Canadian Immigration Processing Times: Seven Factors

Canadian Immigration Processing TimesShyaka is a Rwandan citizen. He submitted his immigration application to Canada more than fifteen months ago. Shyaka was hoping to land in Canada a few weeks after applying, but to his surprise, the application is still in process. He has been in constant contact with the immigration office, but no clear response yet. Shyaka wonders what does affect the Canadian immigration processing times.

I filed my immigration application in 2001, but I received my landing papers in 2003. I remember how anxious I was to find out the outcome. But I had no choice to wait. Of course, nowadays, as a regulated Canadian immigration consultant, I regularly deal with clients who are impatient, disturbed, or even angry about waiting for the outcome of their application. Needless to say, I understand the pain you are experiencing.

The statistics do not help either. For example, look at my personal experience for different types of applications. My federal self-employed applications have experienced wait times between seven and 50 months.  Imagine you wait 50 months for the processing of your application. My TRV applications have taken anywhere between less than a day to nine months to reach the decision point. As another example, my experience with the spousal sponsorship applications reflects a range between three to 22 months. Probably the most time-consuming applications for me are the business PNP applications which have taken a processing time of 24 to 60 months so far. I have seen the immigration authorities finalize study permit and work permit applications between less than a week to almost one year.

Why Such a Wide Range?

You may ask, why so much difference in the processing times? Why does it take them such a long time to review an application and make a decision? Well, I have five main reasons for you. Let’s take a look!

Factor # 1: The IRCC Policies

The Minister of Immigration Refugees and Citizenship Canada (IRCC) posts a report to the Parliament of Canada every year. He dedicates part of that report to annual targets under each immigration program. For example, he may decide to accept 5,00 to 1,500 immigrants under federal business immigration programs (i.e. start-up visa and self-employed class). IRCC distributes this target between different visa offices.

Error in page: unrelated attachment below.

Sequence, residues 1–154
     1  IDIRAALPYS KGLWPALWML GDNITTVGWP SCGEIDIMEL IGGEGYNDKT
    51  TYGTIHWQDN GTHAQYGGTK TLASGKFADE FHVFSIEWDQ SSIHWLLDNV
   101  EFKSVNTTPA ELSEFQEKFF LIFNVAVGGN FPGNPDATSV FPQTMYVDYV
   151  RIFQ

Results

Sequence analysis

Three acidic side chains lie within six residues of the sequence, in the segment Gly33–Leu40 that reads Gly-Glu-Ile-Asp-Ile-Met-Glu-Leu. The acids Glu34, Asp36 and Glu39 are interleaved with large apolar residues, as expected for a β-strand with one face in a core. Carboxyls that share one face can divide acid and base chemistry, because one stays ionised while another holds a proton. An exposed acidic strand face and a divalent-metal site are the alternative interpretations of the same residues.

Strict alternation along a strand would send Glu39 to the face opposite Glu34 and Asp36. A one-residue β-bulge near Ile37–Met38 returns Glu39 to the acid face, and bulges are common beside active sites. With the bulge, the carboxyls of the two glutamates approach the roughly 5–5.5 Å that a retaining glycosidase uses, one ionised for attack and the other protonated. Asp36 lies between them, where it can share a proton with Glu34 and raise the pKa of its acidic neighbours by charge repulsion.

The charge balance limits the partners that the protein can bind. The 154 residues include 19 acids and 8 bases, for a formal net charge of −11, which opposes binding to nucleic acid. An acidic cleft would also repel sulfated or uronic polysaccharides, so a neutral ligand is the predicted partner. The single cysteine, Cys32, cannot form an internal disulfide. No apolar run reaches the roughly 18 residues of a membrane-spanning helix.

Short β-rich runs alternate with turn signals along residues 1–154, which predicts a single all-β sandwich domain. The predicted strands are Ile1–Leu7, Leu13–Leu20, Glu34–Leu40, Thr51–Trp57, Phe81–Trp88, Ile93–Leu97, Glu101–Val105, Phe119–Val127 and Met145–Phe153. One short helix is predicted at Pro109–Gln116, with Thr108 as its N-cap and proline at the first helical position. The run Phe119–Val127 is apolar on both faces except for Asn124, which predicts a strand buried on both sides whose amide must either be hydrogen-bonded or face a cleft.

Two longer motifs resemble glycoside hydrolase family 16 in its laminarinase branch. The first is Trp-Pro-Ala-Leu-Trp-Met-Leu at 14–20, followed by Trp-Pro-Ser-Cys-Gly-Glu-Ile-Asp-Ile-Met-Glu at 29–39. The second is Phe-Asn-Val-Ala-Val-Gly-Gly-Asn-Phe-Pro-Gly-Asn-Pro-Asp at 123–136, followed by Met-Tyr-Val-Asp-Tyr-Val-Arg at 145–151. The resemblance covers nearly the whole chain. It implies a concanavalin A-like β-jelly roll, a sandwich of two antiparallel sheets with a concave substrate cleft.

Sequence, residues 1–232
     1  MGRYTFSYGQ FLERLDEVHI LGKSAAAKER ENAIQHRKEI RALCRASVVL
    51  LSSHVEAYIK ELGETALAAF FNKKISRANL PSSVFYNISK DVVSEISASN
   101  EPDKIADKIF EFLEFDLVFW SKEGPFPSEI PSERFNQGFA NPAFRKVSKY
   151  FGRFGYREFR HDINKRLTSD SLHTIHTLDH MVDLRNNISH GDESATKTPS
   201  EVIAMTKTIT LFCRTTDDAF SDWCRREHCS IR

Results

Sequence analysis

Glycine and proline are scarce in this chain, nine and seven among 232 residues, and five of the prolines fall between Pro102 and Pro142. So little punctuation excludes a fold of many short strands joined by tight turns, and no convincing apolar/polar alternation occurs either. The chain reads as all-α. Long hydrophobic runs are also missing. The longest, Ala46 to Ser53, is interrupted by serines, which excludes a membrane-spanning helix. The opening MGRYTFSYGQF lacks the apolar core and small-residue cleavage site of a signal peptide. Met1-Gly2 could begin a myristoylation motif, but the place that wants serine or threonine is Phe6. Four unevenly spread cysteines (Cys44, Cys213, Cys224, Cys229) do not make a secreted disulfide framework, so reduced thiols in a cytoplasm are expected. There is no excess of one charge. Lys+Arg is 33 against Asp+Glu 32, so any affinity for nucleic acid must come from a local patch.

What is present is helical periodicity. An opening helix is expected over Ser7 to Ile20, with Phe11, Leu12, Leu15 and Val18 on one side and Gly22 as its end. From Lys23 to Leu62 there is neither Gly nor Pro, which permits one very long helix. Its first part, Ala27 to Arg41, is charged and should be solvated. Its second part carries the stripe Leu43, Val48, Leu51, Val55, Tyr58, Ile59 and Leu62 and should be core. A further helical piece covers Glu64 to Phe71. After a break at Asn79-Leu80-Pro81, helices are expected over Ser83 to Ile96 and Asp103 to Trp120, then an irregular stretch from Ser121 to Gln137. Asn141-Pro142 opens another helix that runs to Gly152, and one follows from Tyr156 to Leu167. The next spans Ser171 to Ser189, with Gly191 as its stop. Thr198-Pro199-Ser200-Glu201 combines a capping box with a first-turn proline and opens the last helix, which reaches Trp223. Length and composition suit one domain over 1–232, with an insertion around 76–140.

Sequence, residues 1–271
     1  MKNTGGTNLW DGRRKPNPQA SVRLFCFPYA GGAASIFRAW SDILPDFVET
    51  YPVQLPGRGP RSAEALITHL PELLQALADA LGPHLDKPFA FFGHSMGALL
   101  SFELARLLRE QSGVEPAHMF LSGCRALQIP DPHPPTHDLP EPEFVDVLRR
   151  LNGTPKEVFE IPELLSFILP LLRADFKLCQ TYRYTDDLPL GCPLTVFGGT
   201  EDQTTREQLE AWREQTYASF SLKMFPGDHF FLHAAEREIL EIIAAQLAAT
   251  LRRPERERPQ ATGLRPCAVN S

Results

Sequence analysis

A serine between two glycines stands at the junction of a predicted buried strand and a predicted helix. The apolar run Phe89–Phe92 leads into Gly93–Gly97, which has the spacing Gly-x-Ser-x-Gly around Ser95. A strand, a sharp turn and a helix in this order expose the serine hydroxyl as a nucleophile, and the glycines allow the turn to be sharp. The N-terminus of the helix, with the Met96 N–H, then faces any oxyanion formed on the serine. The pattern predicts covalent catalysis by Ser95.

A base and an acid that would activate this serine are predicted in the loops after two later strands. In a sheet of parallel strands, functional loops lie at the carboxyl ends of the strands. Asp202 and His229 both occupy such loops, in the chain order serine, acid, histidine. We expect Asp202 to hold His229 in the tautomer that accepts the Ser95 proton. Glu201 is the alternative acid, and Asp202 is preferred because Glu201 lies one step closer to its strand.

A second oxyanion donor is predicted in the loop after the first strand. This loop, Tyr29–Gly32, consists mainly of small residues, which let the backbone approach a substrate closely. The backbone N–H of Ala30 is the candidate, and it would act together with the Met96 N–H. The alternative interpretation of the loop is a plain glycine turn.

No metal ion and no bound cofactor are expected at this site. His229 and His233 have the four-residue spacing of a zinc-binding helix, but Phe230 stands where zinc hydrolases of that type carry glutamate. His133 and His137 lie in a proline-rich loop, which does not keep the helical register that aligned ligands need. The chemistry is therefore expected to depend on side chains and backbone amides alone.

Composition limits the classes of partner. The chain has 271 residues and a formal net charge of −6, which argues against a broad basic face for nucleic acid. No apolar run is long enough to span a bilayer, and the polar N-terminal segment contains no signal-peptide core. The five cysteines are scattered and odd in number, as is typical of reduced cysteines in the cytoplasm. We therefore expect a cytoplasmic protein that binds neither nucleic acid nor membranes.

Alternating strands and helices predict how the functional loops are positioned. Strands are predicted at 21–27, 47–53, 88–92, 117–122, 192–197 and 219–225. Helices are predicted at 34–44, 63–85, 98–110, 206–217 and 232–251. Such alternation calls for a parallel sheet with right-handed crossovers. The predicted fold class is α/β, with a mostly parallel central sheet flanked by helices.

Imagine the visa office in Paris receives a target of 100 to 200 applications for the upcoming year. Let’s assume this office has 300 applications in the waiting list. They also receive 100 more applications this year. In other words, they have a total of 400 applications waiting for the processing. Assuming the visa office in Paris meets its target of 100 to 200 applications, a total of 200 to 300 applications will remain in line for the next year. Simply put, many of the applications in this example have to wait more than one year for processing. Yikes!

How Do They Come up with the Targets?

You may ask, how do they come up with these targets? Well, the answer is not that simple, but it is a combination of politics, feedback from the public, feedback from the visa offices, and general policies of IRCC. For example, they prefer to get most of their immigrants under the Express Entry system, nowadays.

Factor # 2: The Specifics of an Application

Sometimes the specifics of an application affect the processing time. For example, changes to the family structure could affect the processing time. I have had clients who got married, got divorced, had a new baby, lost a baby or even lost a dependant while they were waiting for the processing of their application. No doubt, such changes affect the processing time. Whenever something like this happens, we have to communicate with the immigration officer and submit new documents, pay the processing fee, or request refunds. Unfortunately, every glitch in the application results into weeks and sometimes months of delays.

The immigration authorities won’t admit it, but depending on which country you are from, the processing of your application could be different. I’ve had clients from almost 40 countries so far, and I see the difference.

Factor # 3: The Office that Reviews the Application

Each immigration office has a program manager who acts like the managers of the immigration officers. Of course, the officers are the Minister’s delegates. They have significant authorities and for the most part extremely autonomous. However, some internal policies in a visa office could affect the processing times. For example, if the program manager advises they need to spend more time on temporary visas, the permanent residency applications may face delays.

Factor # 4: The Immigration Officer

IRCC trains their immigration officers vigorously. Regardless of their visa office or the application types they review, officers need to follow the standards of procedural fairness. Some important court decisions such as Baker v. Canada and guidelines by IRCC define such standards. Consequently, you expect all immigration officers review a similar case similarly and come to the same conclusion. Well, this is a naive expectation. In real life, officers have some level of freedom in their decision making, and they are not afraid of using it. You may see an officer review an application in a few minutes while the other takes an extended period to review it.